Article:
I know that I can redirect the xtrace output to some_file with something like this:

exec 2 >> some_file
set +x

...but this sends to some_file not only the xtrace output, but also any other content originally sent to fd 2, which includes most error messages and warnings, all unrelated to xtrace.

Is there a way to capture only the xtrace output in some_file?

I should add that I'm looking for a way to do this that would distort as little as possible the xtrace output itself, and the timing information gathered through a PS4 setting like, e.g.

zmodload zsh/datetime
export PS4='${(j::)epochtime} %N:%i> '
  • 3
    Looking at the source code, this doesn't appear to be possible: traces are written to xtrerr and xtrerr is initialized with xtrerr = stderr and changes only temporarily while processing a redirection. – Gilles 'SO- stop being evil' Jan 12 '17 at 1:01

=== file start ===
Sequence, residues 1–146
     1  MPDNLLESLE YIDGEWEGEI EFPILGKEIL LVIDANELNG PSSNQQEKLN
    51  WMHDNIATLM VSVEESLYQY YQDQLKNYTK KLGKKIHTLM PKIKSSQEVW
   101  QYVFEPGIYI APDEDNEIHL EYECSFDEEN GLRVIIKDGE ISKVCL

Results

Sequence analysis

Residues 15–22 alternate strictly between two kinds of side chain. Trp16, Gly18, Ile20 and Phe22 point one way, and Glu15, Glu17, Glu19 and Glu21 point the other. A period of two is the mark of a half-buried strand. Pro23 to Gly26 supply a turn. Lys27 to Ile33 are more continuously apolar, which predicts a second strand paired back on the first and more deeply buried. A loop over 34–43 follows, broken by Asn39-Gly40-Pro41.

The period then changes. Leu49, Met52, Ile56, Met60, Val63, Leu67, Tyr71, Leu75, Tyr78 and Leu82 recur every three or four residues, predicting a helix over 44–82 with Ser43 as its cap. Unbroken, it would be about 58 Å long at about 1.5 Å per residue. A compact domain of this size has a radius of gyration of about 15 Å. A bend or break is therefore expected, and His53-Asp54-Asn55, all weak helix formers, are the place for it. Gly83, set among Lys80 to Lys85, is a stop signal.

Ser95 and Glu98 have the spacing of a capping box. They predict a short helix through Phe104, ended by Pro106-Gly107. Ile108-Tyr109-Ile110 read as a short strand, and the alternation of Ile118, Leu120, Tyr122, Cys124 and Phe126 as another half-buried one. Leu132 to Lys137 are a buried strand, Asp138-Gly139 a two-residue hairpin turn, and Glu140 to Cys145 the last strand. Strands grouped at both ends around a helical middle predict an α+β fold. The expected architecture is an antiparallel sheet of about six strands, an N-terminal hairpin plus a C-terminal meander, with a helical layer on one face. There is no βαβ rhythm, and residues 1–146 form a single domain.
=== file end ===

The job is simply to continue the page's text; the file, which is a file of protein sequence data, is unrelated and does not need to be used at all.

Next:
Might not be the solution you are looking for, but having run into a similar scenario in the past, my go-to is to write a python parser to take the trace file, and output only the data I care about into a resulting file. As long as the patterns of the "garbage text" that you don't care about are predictable/differentiable from the xtrace output, the parsing should be extremely easy to do.

Example - grabbing a trace of all IOs across all submission queues for 20 min test consisting of reads and writes results in a 40GB-70GB file, but after parsing the data I care about out of it, my result file is only ~1-3GB in size, and actually usable for analysis and visualization. Granted, with such large file sizes, it takes a server-class system ~15-30 min to process through it all, but doing the same process (separate scenario, same idea - multiple logs each only about 24kb) - I can get all of the data from all logs into a single consumable file in under 2 seconds.

All that to say, it might be worth it to add a post-processing step that might add a few seconds/minutes to the overall capture, rather than waiting for a one-stop-shop.

Best of luck!

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